19 August 2019

Latest edition of BSB Handbook introduces new Bar transparency rules

1 July 2019

The Bar Standards Board (BSB) has today published new transparency rules in a revised edition of its Handbook. The new rules come into force immediately.

The new rules are designed to improve the information available to the public before they engage the services of a barrister.

The rules have now been approved by the Legal Services Board. They follow recommendations from the Competition and Markets Authority that legal regulators should introduce new requirements in this area. The rules relate to information about the areas of law in which barristers practise, the legal services provided by barristers, what those services cost, and a client's right to redress.

The rules require all self-employed barristers, chambers and BSB-regulated entities to publish specified information about their services, including which types of legal service they provide, their most commonly used pricing models (such as fixed fee or hourly rate) and details of their clients' rights of redress. Public Access barristers providing certain types of services are also required to publish additional price and service information.

Barristers have until January 2020 to be fully compliant with the new rules, after which, spot-checking by the BSB will begin but the regulator's focus will initially be on ensuring compliance rather than pursuing disciplinary sanctions. The BSB has today, also published guidance to help the profession comply with the new rules.

BSB Director of Strategy and Policy, Ewen MacLeod, said:

"The introduction today of these new rules will enable the public to make more informed decisions before engaging a barrister. We intend to support, and to work closely with, the profession to enable it to comply with these new transparency standards."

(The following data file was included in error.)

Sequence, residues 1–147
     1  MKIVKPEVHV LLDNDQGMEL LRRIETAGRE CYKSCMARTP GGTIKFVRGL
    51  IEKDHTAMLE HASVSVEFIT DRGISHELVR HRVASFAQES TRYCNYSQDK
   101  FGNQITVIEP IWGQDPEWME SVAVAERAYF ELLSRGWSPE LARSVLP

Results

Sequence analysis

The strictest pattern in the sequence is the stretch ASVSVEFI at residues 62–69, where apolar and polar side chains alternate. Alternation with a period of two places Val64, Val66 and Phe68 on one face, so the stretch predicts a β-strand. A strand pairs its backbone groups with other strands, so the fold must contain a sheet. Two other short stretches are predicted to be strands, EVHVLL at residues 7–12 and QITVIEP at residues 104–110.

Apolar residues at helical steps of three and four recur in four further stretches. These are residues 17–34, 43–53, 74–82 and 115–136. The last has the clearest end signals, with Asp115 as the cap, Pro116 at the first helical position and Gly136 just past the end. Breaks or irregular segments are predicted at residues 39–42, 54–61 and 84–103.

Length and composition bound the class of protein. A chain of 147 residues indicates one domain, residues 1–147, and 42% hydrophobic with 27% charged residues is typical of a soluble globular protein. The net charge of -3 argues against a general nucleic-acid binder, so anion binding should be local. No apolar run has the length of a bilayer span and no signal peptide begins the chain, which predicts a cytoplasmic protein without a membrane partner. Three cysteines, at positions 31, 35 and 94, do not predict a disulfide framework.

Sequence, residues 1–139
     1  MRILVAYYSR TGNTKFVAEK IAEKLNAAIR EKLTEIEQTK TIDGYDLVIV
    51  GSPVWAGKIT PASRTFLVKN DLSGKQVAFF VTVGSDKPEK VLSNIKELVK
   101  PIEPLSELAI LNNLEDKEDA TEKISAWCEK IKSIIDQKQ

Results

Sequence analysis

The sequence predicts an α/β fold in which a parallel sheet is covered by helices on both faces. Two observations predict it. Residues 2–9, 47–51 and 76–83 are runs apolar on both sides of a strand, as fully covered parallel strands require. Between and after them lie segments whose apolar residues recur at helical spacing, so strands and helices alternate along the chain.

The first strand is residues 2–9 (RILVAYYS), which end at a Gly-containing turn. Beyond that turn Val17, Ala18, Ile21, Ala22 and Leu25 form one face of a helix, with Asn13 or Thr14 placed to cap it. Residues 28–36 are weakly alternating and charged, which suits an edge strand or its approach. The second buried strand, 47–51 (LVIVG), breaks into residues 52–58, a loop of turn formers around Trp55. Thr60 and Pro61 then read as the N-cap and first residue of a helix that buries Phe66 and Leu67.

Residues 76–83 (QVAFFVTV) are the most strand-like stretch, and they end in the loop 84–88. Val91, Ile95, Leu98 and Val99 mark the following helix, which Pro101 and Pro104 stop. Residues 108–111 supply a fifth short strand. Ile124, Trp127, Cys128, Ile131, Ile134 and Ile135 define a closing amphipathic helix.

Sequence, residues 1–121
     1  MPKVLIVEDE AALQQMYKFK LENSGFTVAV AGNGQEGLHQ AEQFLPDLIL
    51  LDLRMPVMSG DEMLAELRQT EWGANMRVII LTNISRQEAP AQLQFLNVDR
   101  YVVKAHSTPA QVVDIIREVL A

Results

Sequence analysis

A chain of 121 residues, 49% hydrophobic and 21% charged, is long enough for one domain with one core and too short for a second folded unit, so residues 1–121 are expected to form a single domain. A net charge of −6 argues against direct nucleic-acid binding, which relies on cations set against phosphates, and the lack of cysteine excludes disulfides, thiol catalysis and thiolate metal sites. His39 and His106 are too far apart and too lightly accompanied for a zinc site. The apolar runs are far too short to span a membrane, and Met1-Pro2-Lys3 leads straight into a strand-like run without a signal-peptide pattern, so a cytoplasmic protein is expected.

The new edition of the BSB Handbook is available here.

The guidance for barristers is available on the BSB website.

ENDS

 

Notes to editors

About the new Bar transparency rules

The new rules require self-employed barristers, chambers and BSB entities to:

  • state that professional, licensed access and/or lay clients (as appropriate) may contact them to obtain a quotation for legal services;
  • provide contact details;
  • state their most commonly used pricing models, such as fixed fees or hourly rates;
  • state the areas of practice in which they most commonly provide legal services;
  • describe their most commonly provided legal services;
  • provide information about the factors which might influence the timescales of their most commonly provided legal services;
  • display text on their homepage indicating they are regulated by the Bar Standards Board;
  • display information about their complaints procedure, any right to complain to the Legal Ombudsman (LeO), how to complain to the LeO, and any time limits for making a complaint;
  • link to the decision data on the LeO's website; and
  • link to the Barristers' Register pageon the BSB's website.

There are also additional transparency rules with which they must comply in relation to the provision of the following Public Access services:

  • Employment Tribunal cases (advice and representation for employers and employees);
  • Financial disputes arising out of divorce;
  • Immigration appeals (First-tier Tribunal);
  • Inheritance Act advice;
  • Licensing applications in relation to business premises;
  • Personal injury claims;
  • Summary only motoring offences (advice and representation for defendants); and
  • Winding-up petitions.

In certain circumstances listed in the BSB's price transparency policy statement, barristers providing these Public Access services will be required by the rules to:

  • state any pricing model(s) which they use, such as whether they charge fixed fees or hourly rates;
  • state their indicative fees and the circumstances in which they may vary;
  • state whether their fees include VAT (where applicable);
  • state any likely additional costs or give a typical range of costs if only an estimate is possible; and
  • describe the relevant Public Access services they provide, including a concise statement of the key stages and an indicative timescale for those key stages.

 More information about the new rules is available here.

 

About the Bar Standards Board

Our mission is to regulate barristers and specialised legal services businesses in England and Wales in the public interest. For more information about what we do visit: http://bit.ly/1gwui8t

Contact: For all media enquiries call: 0207 611 1452 or email press@barstandardsboard.org.uk .